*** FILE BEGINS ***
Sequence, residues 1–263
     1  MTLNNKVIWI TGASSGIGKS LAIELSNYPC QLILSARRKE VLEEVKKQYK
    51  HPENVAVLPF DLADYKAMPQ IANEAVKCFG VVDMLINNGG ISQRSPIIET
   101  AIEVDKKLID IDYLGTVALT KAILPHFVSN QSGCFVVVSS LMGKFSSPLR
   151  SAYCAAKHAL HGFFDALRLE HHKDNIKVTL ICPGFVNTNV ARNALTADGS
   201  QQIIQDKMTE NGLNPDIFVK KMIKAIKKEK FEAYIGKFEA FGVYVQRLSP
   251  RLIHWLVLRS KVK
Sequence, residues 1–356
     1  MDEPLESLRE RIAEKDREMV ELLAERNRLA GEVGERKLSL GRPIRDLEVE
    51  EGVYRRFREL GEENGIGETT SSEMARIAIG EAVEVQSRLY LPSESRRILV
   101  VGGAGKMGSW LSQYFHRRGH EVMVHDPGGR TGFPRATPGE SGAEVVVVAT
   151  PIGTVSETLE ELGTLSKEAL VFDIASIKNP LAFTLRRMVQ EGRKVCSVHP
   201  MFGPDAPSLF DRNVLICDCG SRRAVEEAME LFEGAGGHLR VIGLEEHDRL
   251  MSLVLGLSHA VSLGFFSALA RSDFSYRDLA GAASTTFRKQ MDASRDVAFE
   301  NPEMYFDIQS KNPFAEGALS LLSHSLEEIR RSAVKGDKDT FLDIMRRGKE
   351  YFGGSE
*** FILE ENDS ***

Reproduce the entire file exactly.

Sequence, residues 1–263
     1  MTLNNKVIWI TGASSGIGKS LAIELSNYPC QLILSARRKE VLEEVKKQYK
    51  HPENVAVLPF DLADYKAMPQ IANEAVKCFG VVDMLINNGG ISQRSPIIET
   101  AIEVDKKLID IDYLGTVALT KAILPHFVSN QSGCFVVVSS LMGKFSSPLR
   151  SAYCAAKHAL HGFFDALRLE HHKDNIKVTL ICPGFVNTNV ARNALTADGS
   201  QQIIQDKMTE NGLNPDIFVK KMIKAIKKEK FEAYIGKFEA FGVYVQRLSP
   251  RLIHWLVLRS KVK
Sequence, residues 1–356
     1  MDEPLESLRE RIAEKDREMV ELLAERNRLA GEVGERKLSL GRPIRDLEVE
    51  EGVYRRFREL GEENGIGETT SSEMARIAIG EAVEVQSRLY LPSESRRILV
   101  VGGAGKMGSW LSQYFHRRGH EVMVHDPGGR TGFPRATPGE SGAEVVVVAT
   151  PIGTVSETLE ELGTLSKEAL VFDIASIKNP LAFTLRRMVQ EGRKVCSVHP
   201  MFGPDAPSLF DRNVLICDCG SRRAVEEAME LFEGAGGHLR VIGLEEHDRL
   251  MSLVLGLSHA VSLGFFSALA RSDFSYRDLA GAASTTFRKQ MDASRDVAFE
   301  NPEMYFDIQS KNPFAEGALS LLSHSLEEIR RSAVKGDKDT FLDIMRRGKE
   351  YFGGSE